But the emails are among tens of thousands that have been turned over to the Judiciary Committee, though they are not yet public. That left the nominee struggling to answer, and Republicans complaining of unfair treatment.
Mr. Booker quoted from the emails during his questioning of the judge. He said they were labeled “racial profiling,” and said they related to the practice after the Sept. 11, 2001, terrorist attack.
After Judge Kavanaugh said he wanted to see the emails before responding, it was revealed that the email couldn’t be shared because it was deemed “committee confidential.”
Sen. Mike Lee, Utah Republican, objected to the questions, saying either the document needed to be made public or else the questions should have been asked in closed session.
Mr. Booker responded by saying he wanted all of the tens of thousands of committee confidential documents to be released — and blaming the GOP for a process that led to them being kept secret.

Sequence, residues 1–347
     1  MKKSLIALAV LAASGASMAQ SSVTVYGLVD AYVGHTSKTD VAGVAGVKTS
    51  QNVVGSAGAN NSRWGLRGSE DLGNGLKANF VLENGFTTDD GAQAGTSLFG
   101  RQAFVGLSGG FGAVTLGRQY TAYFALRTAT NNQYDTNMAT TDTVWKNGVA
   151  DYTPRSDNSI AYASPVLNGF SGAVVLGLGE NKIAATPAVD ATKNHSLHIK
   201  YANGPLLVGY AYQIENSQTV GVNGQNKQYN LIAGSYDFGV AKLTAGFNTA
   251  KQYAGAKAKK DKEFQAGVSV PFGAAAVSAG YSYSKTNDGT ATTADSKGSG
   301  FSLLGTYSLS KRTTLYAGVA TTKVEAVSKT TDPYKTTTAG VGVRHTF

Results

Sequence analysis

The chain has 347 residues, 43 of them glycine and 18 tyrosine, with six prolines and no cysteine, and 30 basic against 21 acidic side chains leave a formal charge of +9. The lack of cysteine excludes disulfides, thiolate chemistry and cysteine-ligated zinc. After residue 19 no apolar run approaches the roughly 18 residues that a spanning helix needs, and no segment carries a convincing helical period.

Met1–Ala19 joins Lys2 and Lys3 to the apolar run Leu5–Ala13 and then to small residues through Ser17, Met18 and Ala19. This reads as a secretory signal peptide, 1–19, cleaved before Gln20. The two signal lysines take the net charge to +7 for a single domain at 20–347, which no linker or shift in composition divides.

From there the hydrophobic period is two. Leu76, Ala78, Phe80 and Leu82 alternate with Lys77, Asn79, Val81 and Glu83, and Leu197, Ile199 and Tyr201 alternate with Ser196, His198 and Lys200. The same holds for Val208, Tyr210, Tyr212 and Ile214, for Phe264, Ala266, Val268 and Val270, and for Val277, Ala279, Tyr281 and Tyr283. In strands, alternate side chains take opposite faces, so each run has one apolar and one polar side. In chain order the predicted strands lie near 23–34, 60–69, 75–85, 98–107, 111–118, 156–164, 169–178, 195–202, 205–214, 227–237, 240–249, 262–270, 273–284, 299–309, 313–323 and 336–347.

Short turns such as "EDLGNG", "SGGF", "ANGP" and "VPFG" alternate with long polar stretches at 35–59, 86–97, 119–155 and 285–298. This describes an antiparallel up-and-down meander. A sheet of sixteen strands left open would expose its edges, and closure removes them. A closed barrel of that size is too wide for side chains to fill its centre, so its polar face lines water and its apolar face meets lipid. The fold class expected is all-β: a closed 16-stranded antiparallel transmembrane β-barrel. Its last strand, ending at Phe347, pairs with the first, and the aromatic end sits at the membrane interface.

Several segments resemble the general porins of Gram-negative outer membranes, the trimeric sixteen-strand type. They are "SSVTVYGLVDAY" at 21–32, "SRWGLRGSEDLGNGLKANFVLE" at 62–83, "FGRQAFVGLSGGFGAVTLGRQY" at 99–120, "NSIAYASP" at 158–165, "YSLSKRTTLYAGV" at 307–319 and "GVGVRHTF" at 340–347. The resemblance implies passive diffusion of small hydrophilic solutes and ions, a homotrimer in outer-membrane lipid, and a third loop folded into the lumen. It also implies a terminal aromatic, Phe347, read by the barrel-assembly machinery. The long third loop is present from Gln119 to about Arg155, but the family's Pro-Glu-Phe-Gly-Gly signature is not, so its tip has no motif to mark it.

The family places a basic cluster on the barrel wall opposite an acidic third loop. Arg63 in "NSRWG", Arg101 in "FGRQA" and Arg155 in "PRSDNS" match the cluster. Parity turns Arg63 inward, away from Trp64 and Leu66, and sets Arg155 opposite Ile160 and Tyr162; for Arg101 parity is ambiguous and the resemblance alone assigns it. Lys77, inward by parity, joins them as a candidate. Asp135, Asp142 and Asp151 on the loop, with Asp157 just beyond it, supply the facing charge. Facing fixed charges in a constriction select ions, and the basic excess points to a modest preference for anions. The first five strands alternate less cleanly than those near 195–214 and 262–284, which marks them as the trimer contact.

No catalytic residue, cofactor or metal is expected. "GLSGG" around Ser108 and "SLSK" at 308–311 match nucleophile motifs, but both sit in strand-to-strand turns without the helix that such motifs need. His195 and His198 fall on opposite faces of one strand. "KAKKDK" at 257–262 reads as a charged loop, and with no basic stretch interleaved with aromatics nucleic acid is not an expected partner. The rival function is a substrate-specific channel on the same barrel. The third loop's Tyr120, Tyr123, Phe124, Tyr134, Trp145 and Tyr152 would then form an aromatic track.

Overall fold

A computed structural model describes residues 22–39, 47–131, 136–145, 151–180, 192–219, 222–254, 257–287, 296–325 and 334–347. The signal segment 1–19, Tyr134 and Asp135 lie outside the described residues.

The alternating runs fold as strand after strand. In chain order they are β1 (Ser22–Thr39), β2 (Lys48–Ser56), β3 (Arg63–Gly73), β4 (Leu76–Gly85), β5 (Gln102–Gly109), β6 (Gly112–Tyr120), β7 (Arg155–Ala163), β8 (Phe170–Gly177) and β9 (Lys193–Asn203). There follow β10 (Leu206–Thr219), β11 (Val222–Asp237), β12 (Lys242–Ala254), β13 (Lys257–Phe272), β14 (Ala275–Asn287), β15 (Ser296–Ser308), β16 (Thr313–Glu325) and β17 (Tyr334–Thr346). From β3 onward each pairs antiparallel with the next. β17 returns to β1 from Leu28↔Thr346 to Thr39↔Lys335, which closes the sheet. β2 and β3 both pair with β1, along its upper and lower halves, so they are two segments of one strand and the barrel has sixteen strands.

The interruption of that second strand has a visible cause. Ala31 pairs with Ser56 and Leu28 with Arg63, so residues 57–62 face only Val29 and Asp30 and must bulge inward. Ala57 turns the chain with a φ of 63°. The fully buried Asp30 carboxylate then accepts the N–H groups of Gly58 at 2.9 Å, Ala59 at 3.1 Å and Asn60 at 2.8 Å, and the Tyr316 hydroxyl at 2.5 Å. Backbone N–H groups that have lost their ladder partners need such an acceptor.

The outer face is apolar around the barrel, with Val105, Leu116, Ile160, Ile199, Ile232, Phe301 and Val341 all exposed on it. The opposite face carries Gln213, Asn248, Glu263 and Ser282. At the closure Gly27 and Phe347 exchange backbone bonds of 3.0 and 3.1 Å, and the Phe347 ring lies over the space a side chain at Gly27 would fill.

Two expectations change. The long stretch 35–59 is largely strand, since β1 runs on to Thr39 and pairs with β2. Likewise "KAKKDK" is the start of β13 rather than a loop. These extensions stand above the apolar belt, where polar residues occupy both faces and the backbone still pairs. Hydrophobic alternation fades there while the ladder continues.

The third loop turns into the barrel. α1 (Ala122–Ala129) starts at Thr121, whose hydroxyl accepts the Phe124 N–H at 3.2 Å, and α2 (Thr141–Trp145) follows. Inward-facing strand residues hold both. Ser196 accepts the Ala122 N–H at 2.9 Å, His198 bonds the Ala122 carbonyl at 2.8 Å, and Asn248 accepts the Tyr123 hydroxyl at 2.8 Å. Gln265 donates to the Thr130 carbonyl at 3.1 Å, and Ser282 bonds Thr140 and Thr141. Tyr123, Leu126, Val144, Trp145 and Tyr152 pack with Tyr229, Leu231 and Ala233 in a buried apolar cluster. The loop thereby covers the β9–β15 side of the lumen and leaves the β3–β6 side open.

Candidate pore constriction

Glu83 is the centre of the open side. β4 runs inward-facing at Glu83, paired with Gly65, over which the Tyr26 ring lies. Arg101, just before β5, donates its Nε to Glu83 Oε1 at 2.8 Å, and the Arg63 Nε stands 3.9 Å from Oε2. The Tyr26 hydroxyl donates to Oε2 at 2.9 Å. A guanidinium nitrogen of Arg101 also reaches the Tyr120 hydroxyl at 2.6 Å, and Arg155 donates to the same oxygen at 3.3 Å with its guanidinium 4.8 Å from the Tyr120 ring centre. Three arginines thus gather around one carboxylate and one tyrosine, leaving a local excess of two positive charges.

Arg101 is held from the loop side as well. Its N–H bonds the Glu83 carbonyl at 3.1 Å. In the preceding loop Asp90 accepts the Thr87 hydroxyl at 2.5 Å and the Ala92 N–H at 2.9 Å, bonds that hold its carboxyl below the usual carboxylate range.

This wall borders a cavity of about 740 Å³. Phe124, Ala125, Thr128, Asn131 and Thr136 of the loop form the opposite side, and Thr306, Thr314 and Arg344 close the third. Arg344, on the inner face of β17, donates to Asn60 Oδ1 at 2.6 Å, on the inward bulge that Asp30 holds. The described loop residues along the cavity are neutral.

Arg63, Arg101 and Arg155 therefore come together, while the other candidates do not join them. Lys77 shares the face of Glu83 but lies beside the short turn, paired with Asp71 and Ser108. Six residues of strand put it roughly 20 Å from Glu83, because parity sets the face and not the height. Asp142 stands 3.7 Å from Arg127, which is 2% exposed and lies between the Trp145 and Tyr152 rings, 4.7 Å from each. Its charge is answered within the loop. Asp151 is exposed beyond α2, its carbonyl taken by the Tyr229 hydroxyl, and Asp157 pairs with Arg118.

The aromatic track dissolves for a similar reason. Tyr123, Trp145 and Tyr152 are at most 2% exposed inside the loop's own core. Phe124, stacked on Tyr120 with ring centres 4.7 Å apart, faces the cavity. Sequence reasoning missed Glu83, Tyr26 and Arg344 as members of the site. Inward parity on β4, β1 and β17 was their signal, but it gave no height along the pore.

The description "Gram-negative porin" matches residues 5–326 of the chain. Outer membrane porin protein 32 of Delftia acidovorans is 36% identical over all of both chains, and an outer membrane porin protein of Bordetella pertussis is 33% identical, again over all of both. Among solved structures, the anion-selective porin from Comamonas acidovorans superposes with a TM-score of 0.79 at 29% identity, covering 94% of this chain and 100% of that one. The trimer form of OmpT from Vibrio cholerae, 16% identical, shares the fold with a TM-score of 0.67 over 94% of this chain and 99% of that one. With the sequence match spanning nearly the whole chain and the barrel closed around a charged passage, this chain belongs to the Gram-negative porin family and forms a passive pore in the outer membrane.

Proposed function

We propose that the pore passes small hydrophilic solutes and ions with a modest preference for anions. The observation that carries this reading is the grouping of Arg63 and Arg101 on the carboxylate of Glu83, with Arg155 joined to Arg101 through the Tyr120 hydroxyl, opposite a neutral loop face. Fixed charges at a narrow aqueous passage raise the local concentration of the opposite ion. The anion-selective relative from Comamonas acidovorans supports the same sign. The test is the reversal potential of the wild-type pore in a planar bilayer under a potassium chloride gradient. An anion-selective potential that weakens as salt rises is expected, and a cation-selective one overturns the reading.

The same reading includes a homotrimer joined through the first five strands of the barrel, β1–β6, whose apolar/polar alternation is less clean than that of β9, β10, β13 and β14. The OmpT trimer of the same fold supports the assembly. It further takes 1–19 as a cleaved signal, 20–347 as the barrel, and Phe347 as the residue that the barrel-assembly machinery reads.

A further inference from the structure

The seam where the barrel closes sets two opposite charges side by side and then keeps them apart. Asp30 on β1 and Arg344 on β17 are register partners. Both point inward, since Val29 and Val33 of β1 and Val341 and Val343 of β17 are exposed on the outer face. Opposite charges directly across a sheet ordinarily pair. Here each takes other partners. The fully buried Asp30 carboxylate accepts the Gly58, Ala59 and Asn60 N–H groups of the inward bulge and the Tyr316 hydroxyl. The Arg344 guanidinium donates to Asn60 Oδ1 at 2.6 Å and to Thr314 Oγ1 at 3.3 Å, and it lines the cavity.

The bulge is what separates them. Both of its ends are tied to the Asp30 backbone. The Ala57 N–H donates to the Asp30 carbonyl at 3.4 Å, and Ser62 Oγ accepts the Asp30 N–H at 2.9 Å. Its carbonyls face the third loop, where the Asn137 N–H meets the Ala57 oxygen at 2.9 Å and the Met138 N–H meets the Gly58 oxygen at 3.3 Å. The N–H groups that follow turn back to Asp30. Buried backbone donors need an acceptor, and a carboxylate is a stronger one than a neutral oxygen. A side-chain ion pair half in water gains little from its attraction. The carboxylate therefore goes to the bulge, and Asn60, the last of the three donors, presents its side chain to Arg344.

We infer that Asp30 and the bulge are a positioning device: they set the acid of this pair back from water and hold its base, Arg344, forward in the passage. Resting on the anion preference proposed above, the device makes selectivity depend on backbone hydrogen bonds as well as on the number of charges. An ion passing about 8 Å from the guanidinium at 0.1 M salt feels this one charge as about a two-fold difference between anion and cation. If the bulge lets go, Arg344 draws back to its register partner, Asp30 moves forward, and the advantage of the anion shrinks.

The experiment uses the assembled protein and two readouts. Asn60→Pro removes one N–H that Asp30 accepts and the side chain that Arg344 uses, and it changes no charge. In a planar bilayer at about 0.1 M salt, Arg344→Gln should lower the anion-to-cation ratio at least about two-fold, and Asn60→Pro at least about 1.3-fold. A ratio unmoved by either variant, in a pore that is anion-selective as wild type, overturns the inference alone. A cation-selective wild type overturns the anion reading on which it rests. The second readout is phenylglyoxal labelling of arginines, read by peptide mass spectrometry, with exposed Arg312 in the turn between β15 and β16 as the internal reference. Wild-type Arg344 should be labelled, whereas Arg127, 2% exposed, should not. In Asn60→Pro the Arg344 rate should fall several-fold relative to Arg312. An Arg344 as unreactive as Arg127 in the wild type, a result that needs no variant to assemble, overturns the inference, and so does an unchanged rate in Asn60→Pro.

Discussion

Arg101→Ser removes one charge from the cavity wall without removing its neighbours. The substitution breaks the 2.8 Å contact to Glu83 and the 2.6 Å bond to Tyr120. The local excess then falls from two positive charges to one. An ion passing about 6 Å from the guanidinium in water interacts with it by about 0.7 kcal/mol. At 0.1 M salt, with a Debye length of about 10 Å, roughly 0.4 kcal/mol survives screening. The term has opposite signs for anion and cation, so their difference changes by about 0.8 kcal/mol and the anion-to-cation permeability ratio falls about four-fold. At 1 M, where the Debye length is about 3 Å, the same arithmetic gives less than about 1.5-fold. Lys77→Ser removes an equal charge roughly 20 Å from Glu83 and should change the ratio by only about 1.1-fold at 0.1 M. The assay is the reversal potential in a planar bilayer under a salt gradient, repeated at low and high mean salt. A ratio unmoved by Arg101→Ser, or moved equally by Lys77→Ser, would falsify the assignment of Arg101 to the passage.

“The fact that we aren’t allowing these emails out … that’s why I say the system is rigged,” Mr. Booker said.
Judge Kavanaugh relied on Supreme Court precedent when answering the senator’s questions, not revealing his personal opinions on the race-based issues.
“You refused to answer a lot of my questions over the race and the law,” Mr. Booker said. “Your answers don’t provide me comfort.”
Judge Kavanaugh, though, did detail his own efforts to boost minorities in the legal profession, saying he has helped diversify the racial makeup of law clerks on federal courts and worked with his alma mater of Yale University to create a pipeline for them.
“I saw a problem of the kind you’re talking about. It’s one small thing, I suppose, but those are the future people who will be sitting around here,” Judge Kavanaugh said.
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